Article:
With just under one month until the start of IB May Exams (which I took last year, in 2017), i thought it would be the perfect time to bring you a post about how I prepared for them and hopefully share some tips that you can implement into your revision to help you ACE the exams.
Plan – revision timetables and checklists
For me this is crucial. I know some people like to throw themselves into revision with no plan and just focus on whatever they think is most important at that point in time. This has never worked for me, as I find myself constantly thinking about another topics that I need to study and I worry that I won’t manage to cover everything before the test date. That’s where timetables and checklists come into the picture.
I begin by outlining when I will have time to study by drawing up a timetable in Excel or opening up Google Calendar to fill in the gaps in my schedule. Here it’s important to fit your studying around your other activities, rather than trying to move your activities to fit your studying. Of course, when it comes to how many activities you’re doing, you should keep it within reason – you don’t want to be doing 20 hours worth of extracurriculars in the lead up to exams (unless you’ve already studied all year and now it’s just a matter of refreshing your memory – not the case for most of us).
Next, I write a comprehensive list of every single topic I want to study before the exam. Then I write down exactly which exercises and practice problem sets I want to do to prepare for each checkpoint. Once I have this list, the next step is to work out exactly how much I need to do each day so that I finish studying about 1-2 weeks before the exam date. I simply count up the number of topics and divide by the number of days I have left. Then, these get put into my calendar so that I can’t avoid doing them.
Get motivated and stop procrastinating
Motivation can come from anywhere. Ideally, your motivation should come from within – whether you’re motivated because you need the grades to get into university or simply because you want to prove to yourself that you can achieve them, you need to find your WHY and work from there. This is how I stop myself from procrastinating too – if my reason for studying is strong enough, every time I find myself getting distracted or putting studying off, I just remind myself of my motivation.
View this post on Instagram
23.12.17 // I just realised that the highlighter cuts off part of the message. It should say ‘Good grades?’ Nevertheless, it’s really important to know what your motivation for studying is before attempting to put in countless hours. Find your WHY? 💙 #study #studyblr #studygram #studykween #studying #studying #stugytime #studymotivation #studyspo #bujo #bulletjournal #planner #motivation #studykweentips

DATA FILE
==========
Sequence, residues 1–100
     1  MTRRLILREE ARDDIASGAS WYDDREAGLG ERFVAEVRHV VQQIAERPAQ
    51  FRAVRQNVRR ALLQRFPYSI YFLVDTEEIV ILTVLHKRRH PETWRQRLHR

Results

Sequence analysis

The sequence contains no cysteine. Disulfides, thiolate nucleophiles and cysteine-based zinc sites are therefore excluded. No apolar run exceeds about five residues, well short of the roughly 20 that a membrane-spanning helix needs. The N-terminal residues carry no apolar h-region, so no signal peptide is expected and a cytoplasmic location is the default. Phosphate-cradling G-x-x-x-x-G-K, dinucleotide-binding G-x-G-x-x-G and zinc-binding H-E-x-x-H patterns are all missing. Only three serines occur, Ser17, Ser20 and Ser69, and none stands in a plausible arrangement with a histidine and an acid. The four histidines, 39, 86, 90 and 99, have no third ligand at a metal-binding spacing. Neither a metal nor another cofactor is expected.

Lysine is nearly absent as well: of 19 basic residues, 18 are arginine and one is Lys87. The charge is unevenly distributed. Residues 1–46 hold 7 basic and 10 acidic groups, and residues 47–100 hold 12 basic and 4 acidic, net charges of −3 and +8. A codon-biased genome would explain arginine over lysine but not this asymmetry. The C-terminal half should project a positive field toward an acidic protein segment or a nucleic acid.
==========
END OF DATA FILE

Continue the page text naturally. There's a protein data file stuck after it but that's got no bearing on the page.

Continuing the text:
This is the single BEST piece of advice I can give you, especially when preparing for big exams, whether it’s your final IB exams or A Levels. There is nothing worse than realising one day before the exam that you don’t understand something or haven’t had time to study it yet. To avoid the madness of cramming, start early. For me, early means giving myself about 1-2 months of solid, focused studying. You might need more or less, but this is what I try to aim for. So, if your exams start in May, you should aim to start studying sometime during March.
Making notes and flashcards VS practicing
The method you use to study will depend on the type of person you are and what subject you are studying. Personally, as a kinaesthetic and visual learner, I prefer to make notes/mindmaps, use flashcards and do practice questions over watching videos or listening to someone explaining a concept. I recommend doing a quiz or reading up about the different types of learners and figuring out where you fit long BEFORE you start studying. I’ve broken down each subject below and which methods I used to study, but this is just MY method. Yours could be completely different and you should stick to what works for you.
- Maths: notes, practice questions (LOTS of practice questions)
- Biology: notes, mindmaps, diagrams
- Chemistry: notes, practice questions
- Geography: mindmaps, reading the news
- English: mindmaps, condensed notes
- German: Quizlet for vocabulary, reading books
Should you make notes for Maths/Science/English etc.?
Maths – you don’t need notes, but I made them and they were so so useful
Many people say that you don’t need to make notes for Maths and you don’t, but I made summary sheets with the most important information from each chapter and relied on them SO much. As a Maths HL student, I did a lot of Maths over the two years of IB. I found that although practice questions were the best way to get good at Maths, it was important to have a solid understanding of the concepts first. I did this using flashcards so that the formulas and theories were presented in ‘bite-sized’ chunks.
English (any language A) – ESSENTIAL
In my opinion, English relies almost entirely on a good set of notes (and essay plans). Whether it’s a book you’re studying or an article you need to annotate
Geography – not essential, but case studies are
For Geography, I found notes to be extremely important too, but my notes were a bit more creative than for other subjects.
Sciences – make sure to include the correct key words
Each study session: mostly learning new concepts and a bit of revising old topics
80% learning new topics
20% revising old topics that link to the new topics
Textbook questions and revision → QuestionBank → Past papers